Hank Aaron, 1974 Topps, #1
No doubt, this is a great piece of cardboard.
But I am obsessed with it for two reasons.
First, I feel that Aaron was robbed of a card that looks like all the other cards in the 1974 set. Sure, I know, he was on the cusp of the greatest achievement that baseball had ever known at that point in time, but wouldn't you want a regular card of Aaron, too, to mark his place in time with all of the other Aaron cards?
Second, I am perpetually amazed at the assumptions made with this card.
Sure, Aaron was just two home runs away from setting the career home run record at the end of the 1973 season. If he played in 1974, and his contract said he would, then he'd break the record.
But he was still two home runs away when the 1974 cards were starting to be created. And Topps had already declared him the new all-time home run king! On the first card in the set! What if Aaron -- perish the thought -- got hit by a bus in the offseason? He was getting death threats by the end of the '73 season! That had to be common knowledge, right? It seems like a risk taken that was totally out of character with what Topps had done prior.
The back makes the assumption, too. "Hank becomes baseball's all-time homer king in 1974." Not "will become," not "likely will be," but "becomes."
Fortunately, it did happen. And that's why this card is tremendous and worthy of the countdown. But there had to be some Topps people sweating bullets when cards were being made between the 1973 and 1974 seasons.
Fred Lynn, 1975 Topps, #50
Fred Lynn is the first rookie sensation that I ever knew.
Lynn won the Rookie of the Year Award and the AL MVP award in 1975. No one had ever done that before. As a kid in a Red Sox family (dad and brother Red Sox fans), that was some powerful stuff. Fred Lynn's image on a three-foot poster soon appeared next to my brother's bed.
Lynn's first solo card was highly coveted. The fact that it was an action card made it much more amazing than the card of the other half of "the Gold Dust Twins," Jim Rice. (Still a fine card, by the way).
Star Wars wouldn't become public knowledge until trailers of the movie appeared in the fall of 1976, but Lynn's bat appeared to be a light saber in his hands. A light saber or a scythe. Clearly, Lynn was doing damage with that thing (although he likely has just fouled a ball into the dugout).
I also liked the red theme that travels through the entire card, from the border, to the then-new-style Red Sox uniform, to the card base.
This was the beginning of an appreciation for the Red Sox that continued until they won it all in 2004 (the interest is somewhat diminished since, but they'll always be "good guys" to me).
Billy Martin, 1972 Topps, #33
I wasn't collecting cards in 1972. Too young. But if I was, I'll bet I would have missed Billy Martin's middle-finger address to the photographer.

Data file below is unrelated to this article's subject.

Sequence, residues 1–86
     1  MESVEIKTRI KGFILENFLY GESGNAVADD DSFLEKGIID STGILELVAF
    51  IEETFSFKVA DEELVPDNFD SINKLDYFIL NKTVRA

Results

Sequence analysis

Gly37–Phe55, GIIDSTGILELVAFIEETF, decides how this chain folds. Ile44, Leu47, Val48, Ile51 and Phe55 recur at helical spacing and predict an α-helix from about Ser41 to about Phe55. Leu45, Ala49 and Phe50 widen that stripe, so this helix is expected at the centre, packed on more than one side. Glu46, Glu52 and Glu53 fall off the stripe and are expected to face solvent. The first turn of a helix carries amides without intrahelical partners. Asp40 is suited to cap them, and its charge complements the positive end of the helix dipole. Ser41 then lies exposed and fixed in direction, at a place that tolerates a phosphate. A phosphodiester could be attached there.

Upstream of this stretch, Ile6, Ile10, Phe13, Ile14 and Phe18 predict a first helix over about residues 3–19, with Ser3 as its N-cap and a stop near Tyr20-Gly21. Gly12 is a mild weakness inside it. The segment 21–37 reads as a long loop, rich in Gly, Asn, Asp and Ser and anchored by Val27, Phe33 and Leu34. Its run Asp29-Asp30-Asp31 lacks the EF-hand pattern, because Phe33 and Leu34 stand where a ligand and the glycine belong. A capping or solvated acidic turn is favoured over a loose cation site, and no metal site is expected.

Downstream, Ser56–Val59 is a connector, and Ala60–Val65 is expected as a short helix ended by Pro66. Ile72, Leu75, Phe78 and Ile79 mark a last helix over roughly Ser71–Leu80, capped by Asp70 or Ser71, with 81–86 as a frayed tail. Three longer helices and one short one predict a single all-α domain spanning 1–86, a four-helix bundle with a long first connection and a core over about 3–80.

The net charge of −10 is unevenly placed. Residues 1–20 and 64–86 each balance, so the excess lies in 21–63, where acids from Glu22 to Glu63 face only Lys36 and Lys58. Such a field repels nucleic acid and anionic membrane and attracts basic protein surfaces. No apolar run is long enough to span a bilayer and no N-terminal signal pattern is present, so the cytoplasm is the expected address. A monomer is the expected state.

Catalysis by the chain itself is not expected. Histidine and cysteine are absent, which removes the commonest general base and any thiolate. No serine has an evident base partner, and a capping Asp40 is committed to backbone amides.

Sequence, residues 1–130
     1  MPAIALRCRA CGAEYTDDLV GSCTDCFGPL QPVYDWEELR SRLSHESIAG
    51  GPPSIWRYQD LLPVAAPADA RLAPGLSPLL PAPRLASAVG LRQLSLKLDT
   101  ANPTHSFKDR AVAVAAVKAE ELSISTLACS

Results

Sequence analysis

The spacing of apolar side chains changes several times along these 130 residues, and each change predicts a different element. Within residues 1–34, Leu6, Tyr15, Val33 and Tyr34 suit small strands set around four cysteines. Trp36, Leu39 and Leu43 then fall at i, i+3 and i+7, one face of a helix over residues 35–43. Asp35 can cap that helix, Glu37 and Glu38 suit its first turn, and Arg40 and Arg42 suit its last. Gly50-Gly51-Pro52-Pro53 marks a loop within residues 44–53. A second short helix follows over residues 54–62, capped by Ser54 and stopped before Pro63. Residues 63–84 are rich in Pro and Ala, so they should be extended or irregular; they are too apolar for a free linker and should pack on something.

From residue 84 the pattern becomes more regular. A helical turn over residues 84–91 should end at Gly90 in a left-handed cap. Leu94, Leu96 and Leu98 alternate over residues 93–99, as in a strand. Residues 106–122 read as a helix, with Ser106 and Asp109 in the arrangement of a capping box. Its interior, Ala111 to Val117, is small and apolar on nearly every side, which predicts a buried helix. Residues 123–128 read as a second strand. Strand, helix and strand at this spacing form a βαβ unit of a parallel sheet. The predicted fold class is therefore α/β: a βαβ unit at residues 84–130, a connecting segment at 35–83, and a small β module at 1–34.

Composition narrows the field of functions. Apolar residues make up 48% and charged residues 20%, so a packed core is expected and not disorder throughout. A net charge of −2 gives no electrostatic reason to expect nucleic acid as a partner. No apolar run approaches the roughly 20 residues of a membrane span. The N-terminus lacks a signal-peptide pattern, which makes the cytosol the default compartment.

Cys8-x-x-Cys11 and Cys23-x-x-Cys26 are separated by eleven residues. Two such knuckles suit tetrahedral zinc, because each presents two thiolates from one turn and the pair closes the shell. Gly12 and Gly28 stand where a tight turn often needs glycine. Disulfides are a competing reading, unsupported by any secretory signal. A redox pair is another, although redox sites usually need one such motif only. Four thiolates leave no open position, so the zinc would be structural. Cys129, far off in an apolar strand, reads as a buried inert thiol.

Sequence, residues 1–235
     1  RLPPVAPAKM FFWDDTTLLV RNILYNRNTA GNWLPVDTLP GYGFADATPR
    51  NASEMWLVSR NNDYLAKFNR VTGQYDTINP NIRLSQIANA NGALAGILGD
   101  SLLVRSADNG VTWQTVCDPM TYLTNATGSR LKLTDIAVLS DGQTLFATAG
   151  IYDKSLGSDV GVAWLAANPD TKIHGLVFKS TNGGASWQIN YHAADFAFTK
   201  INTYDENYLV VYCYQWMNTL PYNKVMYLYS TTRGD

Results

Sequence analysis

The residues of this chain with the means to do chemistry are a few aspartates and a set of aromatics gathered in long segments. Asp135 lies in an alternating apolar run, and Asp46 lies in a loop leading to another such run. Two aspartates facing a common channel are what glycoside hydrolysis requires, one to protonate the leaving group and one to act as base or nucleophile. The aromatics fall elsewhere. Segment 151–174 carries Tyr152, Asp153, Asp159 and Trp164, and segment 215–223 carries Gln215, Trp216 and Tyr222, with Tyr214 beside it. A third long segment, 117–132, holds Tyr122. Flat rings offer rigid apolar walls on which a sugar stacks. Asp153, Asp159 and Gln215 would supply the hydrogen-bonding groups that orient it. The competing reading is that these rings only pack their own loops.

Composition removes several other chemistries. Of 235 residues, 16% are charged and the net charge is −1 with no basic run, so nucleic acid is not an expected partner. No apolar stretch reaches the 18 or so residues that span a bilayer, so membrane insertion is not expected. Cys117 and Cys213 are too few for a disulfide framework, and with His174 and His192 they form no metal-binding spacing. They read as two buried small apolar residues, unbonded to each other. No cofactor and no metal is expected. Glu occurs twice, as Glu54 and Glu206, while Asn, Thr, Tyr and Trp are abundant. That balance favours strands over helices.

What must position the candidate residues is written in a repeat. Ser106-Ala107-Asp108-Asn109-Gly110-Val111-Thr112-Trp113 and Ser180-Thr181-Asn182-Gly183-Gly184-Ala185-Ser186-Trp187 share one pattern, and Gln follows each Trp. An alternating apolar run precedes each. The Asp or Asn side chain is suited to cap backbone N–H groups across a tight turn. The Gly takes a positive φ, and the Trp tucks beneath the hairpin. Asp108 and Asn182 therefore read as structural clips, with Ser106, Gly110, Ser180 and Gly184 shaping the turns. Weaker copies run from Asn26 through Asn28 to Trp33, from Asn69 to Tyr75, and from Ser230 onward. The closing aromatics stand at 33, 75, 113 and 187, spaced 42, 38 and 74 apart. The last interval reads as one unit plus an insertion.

I don't know if Martin was intending for kids to miss the gesture. I don't know if he thought this photo would end up being cut. I do know that Martin probably didn't think of any of that or even think his gesture meant anything other than signaling a temporary annoyance with something -- who knows what -- from the perpetually bothered Billy Martin.
But it's interesting to come up with scenarios of what potentially happened. Was the photographer being too intrusive? Had Martin admonished him repeatedly? Was it one of those deals where Martin suddenly noticed he was the target of a picture, thought, "oh, fuck that" and instantly stuck out his middle digit?
There are those who believe Martin is merely resting his finger on the bat. No big deal.
Having grown up with Martin in the news, I don't believe that for a second.
Roberto Clemente, 1972 Topps, #309
It's a little bit sad that some of Roberto Clemente's greatest cards are some of his last cards. At the pace he was going at, imagine the later cards! That 1975 Topps Clemente would have been a doozy!
I like this '72 Clemente a lot, it's probably my favorite Clemente card. The casual ball toss almost always makes for a great card, but it's particularly interesting here as Clemente was perceived as a serious individual. The photo contrasts with the perception.
It adds to the fun of what it is a very fun set, 1972 Topps.
Oscar Gamble, 1975 Topps, #213
If someone were to come up to me and ask me, "what were the 1970s all about?", I would hand them Oscar Gamble's 1975 Topps card and proclaim "THIS!"
If they asked me to clarify further, I'd just keep repeating "THIS!"
Is it the Mickey Mouse ears afro? "THIS!" Is it the sideburns and mustache? "THIS!" Is it the neon pink and yellow border? "THIS!"
This card is so of the '70s that it could not appear in any other decade. It would be laughed at in any other decade. Oscar Gamble would be laughed at in any other decade (he toned down his act as the '80s progressed).
Oscar Gamble and 1975 Topps came along at the exact right time to make one of the most wonderful cards that I have ever seen. I pulled this card during the very first year I collected as a 9-year-old during the summer of 1975.
It looked 100 percent normal to me.
That concludes the latest edition of the countdown. Just 20 more cards to go!
I hope everyone enjoys their Thanksgiving, no matter what they eat or how they celebrate. Even you people eating salad.